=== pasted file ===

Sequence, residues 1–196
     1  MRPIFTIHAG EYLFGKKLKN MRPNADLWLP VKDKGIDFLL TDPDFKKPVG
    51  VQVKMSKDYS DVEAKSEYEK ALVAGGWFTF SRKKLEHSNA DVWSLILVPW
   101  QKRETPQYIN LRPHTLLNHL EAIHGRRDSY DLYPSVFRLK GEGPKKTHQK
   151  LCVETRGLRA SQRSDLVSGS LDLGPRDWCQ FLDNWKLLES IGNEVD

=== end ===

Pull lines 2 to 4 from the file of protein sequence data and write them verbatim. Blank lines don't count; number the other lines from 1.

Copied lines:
     1  MRPIFTIHAG EYLFGKKLKN MRPNADLWLP VKDKGIDFLL TDPDFKKPVG
    51  VQVKMSKDYS DVEAKSEYEK ALVAGGWFTF SRKKLEHSNA DVWSLILVPW
   101  QKRETPQYIN LRPHTLLNHL EAIHGRRDSY DLYPSVFRLK GEGPKKTHQK